Travel in Egypt: dangerous hotspot or a great place to housesit? 12 things you need to know

Egypt is not on everyone’s tourist map, but it’s an experience not to be missed.
camel and rider at Giza
Picture of Lawrie Masterson

Lawrie Masterson

Lawrie Masterson is an award-winning journalist from Melbourne Australia. In August 2018 he and his partner Kirsty Carter sold everything they couldn't fit into two suitcases, told their families not to wait up and embarked on an open-ended tour of the world.

EGYPT is not on everyone’s tourist map. It hasn’t been since the revolution in 2011, when President Hosni Mubarak was ousted, followed by a 2013 coup d’état that deposed President Mohamed Morsi. 

The Sinai Peninsula, Western Desert and some border areas remain designated unsafe for western tourists but we recently spent 10 days in the capital, Cairo, and two days about 650km south in beautiful Luxor.

Ten days housesitting in Cairo is hardly long enough to qualify anyone to express an authoritative opinion on any country, but here are six personal likes and a six other things that maybe weren’t so good.

Travel in Egypt - the likes:

Sail boats on the Nile in Luxor, Egypt

Travel in Egypt - now the not so great:

The balance

In Egyptian mythology, to reach your afterlife you had to have a light heart, so the hearts of the dead were weighed using a feather as a counter balance. Light hearts could be achieved only by doing good things throughout a lifetime.

Cairo has a light heart.

More to explore

8 Responses

  1. Thank you, very informative (my uncle bred pigeons…… need I say any more). Love reading of your travels

  2. I agree with all of your good and bad points. We visited in between the two most recent uprisings and the lack of tourists at the main sites was staggering. We attended the wonderful Sound and Light Show at Giza one evening and I think there were less than 100 people there with seating for around 1500! So many of the locals who depend on tourism were feeling the pinch and our well educated Egyptologist guide told us he was down to working only a couple of days a month. He had two University degrees and was supporting a young family. At that time he was not allowed to take a second job without losing his accreditation and I often wonder how he is these days. He warned us to expect the second uprising in about ten days after our visit and also enquired about our opinion of Military rule.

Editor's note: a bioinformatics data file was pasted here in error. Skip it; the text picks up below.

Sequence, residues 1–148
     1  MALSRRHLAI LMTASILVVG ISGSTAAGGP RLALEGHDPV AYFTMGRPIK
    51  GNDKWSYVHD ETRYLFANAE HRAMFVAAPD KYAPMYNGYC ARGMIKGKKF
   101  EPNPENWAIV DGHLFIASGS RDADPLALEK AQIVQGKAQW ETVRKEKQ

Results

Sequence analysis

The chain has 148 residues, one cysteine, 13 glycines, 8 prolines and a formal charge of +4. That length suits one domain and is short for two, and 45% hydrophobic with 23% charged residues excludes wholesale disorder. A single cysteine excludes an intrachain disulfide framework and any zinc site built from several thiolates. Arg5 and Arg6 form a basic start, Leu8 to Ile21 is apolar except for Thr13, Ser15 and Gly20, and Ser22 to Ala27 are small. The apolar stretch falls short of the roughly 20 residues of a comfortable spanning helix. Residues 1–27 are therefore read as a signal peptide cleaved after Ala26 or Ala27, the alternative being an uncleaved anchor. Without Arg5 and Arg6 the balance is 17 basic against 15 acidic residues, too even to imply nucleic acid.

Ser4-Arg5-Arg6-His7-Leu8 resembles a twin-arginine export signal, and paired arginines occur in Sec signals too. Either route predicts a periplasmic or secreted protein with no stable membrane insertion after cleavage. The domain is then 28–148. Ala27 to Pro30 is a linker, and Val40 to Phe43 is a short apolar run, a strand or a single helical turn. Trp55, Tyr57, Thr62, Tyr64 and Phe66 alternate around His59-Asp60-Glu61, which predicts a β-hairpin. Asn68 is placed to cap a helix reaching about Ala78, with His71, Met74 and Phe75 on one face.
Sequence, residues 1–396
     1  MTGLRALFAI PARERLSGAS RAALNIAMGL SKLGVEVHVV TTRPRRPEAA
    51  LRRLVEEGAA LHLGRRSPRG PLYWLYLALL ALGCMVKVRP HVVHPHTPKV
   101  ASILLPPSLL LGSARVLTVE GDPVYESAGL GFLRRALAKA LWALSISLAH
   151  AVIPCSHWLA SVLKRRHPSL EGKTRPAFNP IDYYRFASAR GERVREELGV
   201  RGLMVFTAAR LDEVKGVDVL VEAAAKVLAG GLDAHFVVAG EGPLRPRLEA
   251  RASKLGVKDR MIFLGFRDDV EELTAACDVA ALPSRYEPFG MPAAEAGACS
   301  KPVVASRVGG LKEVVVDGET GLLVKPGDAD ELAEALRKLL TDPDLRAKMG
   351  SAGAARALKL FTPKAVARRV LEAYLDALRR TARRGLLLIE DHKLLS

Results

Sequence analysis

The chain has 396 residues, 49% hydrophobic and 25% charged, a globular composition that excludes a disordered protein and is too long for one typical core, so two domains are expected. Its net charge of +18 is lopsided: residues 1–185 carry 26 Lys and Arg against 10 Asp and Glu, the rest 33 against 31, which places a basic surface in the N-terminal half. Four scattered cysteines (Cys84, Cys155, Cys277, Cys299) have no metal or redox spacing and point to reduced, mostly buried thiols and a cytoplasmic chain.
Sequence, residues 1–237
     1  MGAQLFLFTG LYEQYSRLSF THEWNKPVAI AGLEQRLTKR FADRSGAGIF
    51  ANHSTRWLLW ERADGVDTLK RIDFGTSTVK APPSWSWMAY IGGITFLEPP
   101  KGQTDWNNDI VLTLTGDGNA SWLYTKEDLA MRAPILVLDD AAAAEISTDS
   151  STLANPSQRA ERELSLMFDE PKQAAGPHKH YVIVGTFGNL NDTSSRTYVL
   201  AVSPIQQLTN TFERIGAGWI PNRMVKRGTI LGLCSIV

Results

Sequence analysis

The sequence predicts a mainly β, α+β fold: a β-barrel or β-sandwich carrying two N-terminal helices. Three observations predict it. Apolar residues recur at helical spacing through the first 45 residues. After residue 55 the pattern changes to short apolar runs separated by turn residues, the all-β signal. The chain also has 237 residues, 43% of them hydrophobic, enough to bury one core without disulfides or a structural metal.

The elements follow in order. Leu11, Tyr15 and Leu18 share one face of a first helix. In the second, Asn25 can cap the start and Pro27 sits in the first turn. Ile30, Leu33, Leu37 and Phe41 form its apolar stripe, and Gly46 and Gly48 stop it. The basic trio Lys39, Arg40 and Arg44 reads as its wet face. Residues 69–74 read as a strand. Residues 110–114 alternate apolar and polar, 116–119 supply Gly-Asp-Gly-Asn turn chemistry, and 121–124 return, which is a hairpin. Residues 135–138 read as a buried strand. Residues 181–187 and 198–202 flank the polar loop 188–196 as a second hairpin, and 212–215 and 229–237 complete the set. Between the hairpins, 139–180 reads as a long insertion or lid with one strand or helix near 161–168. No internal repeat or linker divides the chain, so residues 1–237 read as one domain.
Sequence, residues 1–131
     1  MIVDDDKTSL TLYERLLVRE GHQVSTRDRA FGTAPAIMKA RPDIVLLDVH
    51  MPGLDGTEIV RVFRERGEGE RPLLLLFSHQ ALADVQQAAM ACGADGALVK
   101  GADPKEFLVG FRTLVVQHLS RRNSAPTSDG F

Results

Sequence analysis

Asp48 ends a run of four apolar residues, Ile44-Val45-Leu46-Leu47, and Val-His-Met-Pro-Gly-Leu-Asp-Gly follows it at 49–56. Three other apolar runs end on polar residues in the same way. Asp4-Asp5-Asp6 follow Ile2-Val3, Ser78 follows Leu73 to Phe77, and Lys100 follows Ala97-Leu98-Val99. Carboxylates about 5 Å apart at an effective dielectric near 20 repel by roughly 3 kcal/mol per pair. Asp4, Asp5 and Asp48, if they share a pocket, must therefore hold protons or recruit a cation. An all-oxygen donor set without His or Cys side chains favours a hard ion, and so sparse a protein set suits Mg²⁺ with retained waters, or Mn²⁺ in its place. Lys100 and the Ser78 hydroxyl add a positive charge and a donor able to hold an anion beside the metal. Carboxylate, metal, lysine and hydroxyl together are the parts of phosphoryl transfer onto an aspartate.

1. Hi Rosemary. I guess it’s great to be able to see such iconic sites without the crowds, but it’s such a shame that these incredibly well qualified people are working only periodically, and then for next to nothing. Hopefully there won’t be more unrest, but sadly it seems inevitable. Love to you and Wal.

  3. Thanks again for your detailed experience. I probably won’t get to travel overseas due to my health but I do love to hear of your adventures. Makes me feel like I’m actually on the journey. Stay safe.

  4. Well said.I’m glad we visited when we did. Definitely a place to be on everyone’s bucket lust

    1. When were you there? A few locals told us dissatisfaction is building to dangerous levels again — wages much too low; taxes and cost of living way too high. What an amazing place, though!!

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